Gabriel Fauré's parents lived in the South West of France close to the Pyrenees. His father was Head of a Teacher Training College near Foix an ancient town dominated by its castle. By the time he was 9 years old Fauré's exceptional musical talent had been recognised and he was sent to study in Paris at Ecole Neidermeyer a Conservatoire dedicated to the training of organists and choir masters. It was to this very particular musical education that Fauré owed his continuous employment as an organist, despite his loss of religious faith, culminating in his appointment to the Paris Madeleine church in 1896 where he completed his Requiem.
Fauré won many prizes while at the the Ecole Neiderneyer, including a first prize in composition for the Cantique de Jean Racine Op. 11, which remains popular with British audiences, the Cantique was placed 148 out of 500 in the Classic FM Hall of Fame in 2020. Faure left Neidemeyer as a Laureat in organ, piano, harmony and composition and a lifelong of his composition teacher Camille Saint-Saëns.
In 1870 Fauré as a patriot, fought with the French Army against the invading Prussians but, unlike many of his fellow writers, artists and musicians, he did not support the Paris Commune. Instead he left for a teaching post at the Niedemeyer which had relocated to Switzerland. When he returned to Paris Faure became a founding member of the Société Nationale de Musique, formed in February to promote new French music and help restore France's sense of pride in her national and cultural achievements. Other members included Bizet, Duparc, Franck, Ravel and Massenet. Fauré became secretary of the society in 1874. Many of his works, including for piano, were first presented at the society's concerts.
Fauré's earnings as an organist were steady but modest. He earned little from the songs, for which he is so famous. They were sold outright to his publisher so there were no royalties. His professional life was a struggle his music, with its unique voice, being regarded as too modern by the Paris Conservatoire. It was only in 1902 that he became its Director and was able to introduce reforms such as entry on merit.
In 1883 Faure married Marie Fremiet, the daughter of a well known French sculptor. They had two sons. In his late 40s, the married Fauré fell in love with Emma Bardac. The affair inspired a new burst of creativity. He wrote the Dolly Suite for piano for Bardac's daughter Hèlène, known as Dolly. Some suspect that she was his daughter. In the above image they are playing together. Faure's very complicated love life contributed to his personal and financial difficulties and bouts of depression. In an effort to cheer him up Faure's great friend Saints-Saëns introduced him to Wagner's music, of which he became a great fan.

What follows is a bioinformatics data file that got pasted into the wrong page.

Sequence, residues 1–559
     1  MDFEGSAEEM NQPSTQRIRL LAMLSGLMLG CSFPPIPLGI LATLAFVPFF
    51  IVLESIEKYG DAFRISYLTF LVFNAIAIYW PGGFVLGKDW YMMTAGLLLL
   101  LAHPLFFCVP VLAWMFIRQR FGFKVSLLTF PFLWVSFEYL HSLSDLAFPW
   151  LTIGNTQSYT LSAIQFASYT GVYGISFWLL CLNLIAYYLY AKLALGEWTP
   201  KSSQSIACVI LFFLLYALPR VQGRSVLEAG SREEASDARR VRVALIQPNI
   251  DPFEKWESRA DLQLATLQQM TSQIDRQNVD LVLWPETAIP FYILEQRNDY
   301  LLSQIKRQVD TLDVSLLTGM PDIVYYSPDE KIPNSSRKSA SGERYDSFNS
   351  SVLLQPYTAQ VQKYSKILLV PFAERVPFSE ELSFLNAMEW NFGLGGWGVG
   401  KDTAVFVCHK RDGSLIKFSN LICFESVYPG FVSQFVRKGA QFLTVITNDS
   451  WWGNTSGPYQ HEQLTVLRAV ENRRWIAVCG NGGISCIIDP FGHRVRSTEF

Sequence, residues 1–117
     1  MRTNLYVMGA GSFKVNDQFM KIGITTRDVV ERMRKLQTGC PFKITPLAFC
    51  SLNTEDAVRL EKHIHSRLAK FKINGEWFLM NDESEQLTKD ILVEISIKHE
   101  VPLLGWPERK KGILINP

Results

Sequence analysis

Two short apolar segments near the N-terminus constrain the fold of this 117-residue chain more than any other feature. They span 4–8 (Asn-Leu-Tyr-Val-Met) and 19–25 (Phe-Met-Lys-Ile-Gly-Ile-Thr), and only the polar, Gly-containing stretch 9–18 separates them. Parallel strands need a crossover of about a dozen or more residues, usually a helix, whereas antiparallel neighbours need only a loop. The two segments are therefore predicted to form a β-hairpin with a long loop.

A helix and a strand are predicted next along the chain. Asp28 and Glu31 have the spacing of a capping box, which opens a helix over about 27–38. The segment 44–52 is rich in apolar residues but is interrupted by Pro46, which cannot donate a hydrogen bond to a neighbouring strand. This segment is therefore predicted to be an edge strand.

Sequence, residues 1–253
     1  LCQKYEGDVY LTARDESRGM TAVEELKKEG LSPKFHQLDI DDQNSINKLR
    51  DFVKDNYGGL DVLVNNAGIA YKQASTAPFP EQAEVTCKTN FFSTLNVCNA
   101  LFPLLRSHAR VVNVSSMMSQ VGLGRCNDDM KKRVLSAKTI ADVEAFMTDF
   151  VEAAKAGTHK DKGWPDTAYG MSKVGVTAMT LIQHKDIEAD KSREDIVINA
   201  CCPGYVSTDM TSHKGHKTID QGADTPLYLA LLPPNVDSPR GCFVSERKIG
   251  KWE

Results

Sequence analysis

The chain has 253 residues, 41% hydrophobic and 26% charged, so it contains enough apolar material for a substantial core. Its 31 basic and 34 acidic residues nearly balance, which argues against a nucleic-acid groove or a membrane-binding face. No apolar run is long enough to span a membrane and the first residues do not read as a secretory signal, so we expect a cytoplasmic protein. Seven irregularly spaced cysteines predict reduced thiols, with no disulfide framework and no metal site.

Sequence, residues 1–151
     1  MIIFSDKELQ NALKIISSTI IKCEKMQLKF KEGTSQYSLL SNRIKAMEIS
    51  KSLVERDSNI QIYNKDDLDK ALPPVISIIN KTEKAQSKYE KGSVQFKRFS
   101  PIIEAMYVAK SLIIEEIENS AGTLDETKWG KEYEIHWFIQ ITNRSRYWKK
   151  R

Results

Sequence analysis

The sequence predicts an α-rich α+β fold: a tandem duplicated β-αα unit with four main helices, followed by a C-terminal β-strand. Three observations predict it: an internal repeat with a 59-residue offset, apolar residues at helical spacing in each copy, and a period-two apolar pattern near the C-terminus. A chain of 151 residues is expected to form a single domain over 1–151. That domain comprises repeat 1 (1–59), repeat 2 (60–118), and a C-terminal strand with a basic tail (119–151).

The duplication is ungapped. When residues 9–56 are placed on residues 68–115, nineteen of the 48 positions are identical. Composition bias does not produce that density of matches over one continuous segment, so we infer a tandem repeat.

Fauré spent years at the Madeleine writing and re-writing his Requiem which he finally completed in 1900. He said of this work “Everything I managed to entertain by way of religious illusion I put into my Requiem, which moreover is dominated from beginning to end by a very human feeling of faith in eternal rest”. The Requiem with its message of consolation is probably his best known and best loved composition. In 2020 it was 45 in Classic FM's Hall of Fame having risen 13 places with no other French composer above it.
Fauré was a lifelong heavy smoker and though he lived to be 79 he was not in good health in his last years. In 1920, at the age of 75, Fauré retired from the Conservatoire because of increasing deafness and frailty. In that year he received the Grand-Croix of the Légion d'honneur, an honour rare for a musician. The Musical Times described “a splendid celebration at the Sorbonne, in which the most illustrious French artists participated … It was a poignant spectacle, indeed: that of a man present at a concert of his own works and able to hear not a single note.” He died in 1924 having after a great struggle completed his string quartet. The quartet was premiered after his death.